College Physics : Spring Force

Example Questions

Example Question #1 : Spring Force

A bowling ball is dropped from a height of onto a spring. If the spring is to compressed before halting the ball, what is the spring constant of the spring?      Explanation:

This questions requires an understanding of the conversion of gravitational potential energy to potential energy stored in the compression of a spring. The ball's initial potential energy is where is the mass of the ball, is the acceleration due to gravity, and is the height of the ball. The energy stored in a compressed spring is where is the potential energy, is the spring constant (typically given in ) and is the compression of the spring. By setting the gravitational potential energy equal to the energy stored in the spring, we can solve for the spring constant :   Example Question #1 : Spring Force

A block with mass is attached to a vertically hanging spring with negligible mass and spring constant and is allowed to reach a new equilibrium position. Approximately how far does the spring stretch from its initial equilibrium position?       Explanation:

The new equilibrium position will be where the spring force is opposite in direction and equal in magnitude to the gravitational force on the mass. This occurs where where is the displacement of the spring from equilibrium. Solving for , we get .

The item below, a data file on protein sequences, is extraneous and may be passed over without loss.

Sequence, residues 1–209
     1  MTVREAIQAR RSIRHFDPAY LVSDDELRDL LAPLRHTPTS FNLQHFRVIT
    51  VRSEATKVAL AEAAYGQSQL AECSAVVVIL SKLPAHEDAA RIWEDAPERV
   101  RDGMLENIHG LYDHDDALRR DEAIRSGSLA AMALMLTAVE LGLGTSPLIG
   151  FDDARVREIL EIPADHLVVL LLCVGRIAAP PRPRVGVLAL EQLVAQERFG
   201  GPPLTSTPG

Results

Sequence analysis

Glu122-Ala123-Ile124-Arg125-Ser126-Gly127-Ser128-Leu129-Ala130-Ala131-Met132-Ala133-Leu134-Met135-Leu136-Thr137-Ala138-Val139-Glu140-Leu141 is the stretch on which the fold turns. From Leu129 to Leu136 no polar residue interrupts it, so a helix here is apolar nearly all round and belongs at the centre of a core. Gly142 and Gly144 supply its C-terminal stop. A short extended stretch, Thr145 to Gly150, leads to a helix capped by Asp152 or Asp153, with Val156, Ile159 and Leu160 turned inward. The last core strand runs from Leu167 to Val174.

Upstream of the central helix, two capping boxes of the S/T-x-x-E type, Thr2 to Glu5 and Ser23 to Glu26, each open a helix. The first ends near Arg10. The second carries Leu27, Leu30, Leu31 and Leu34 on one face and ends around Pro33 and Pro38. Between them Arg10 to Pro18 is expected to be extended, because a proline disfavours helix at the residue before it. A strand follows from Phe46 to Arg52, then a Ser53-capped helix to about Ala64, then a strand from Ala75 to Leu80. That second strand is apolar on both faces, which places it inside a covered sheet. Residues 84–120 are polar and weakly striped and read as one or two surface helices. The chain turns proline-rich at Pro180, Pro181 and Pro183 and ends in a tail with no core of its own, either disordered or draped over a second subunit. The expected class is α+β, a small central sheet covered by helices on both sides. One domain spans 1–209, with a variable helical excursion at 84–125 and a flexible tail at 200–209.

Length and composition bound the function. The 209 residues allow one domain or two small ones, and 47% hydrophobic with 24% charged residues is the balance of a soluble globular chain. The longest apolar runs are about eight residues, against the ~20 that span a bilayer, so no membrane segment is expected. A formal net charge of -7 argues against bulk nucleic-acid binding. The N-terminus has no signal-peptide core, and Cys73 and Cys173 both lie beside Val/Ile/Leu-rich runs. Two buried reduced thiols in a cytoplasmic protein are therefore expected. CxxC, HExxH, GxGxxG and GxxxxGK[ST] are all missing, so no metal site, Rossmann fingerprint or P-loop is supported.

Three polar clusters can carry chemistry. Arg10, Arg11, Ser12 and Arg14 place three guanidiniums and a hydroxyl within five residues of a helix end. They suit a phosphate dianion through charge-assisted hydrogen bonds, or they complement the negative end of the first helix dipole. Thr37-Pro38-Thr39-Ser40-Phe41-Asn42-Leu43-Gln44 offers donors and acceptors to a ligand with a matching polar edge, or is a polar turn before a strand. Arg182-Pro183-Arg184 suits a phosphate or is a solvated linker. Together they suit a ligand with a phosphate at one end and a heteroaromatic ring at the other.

Example Question #2 : Spring Force

Supposed that an object attached to a spring with a spring constant of is displaced by a certain amount. The elastic potential energy contained within the spring is . What is the magnitude of the force acting on the object from the spring at this instant?     Explanation:

The first step in answering this question is to recognize that we're dealing with two components of a spring; force and energy. Hence, we'll need to utilize both equations. Because both of them share the term for the displacement of the object, that will be the variable that links the two expressions.  Having isolated the variable for displacement, we can plug this value into the force equation.  Now, we can plug in the values given to us in the question stem.  Note that the negative sign shown here indicates the direction of the force. This is because the force is acting in the direction opposite the displacement of the object. Since the question stem asks for the magnitude of force, we don't need to include the negative sign in our answer.

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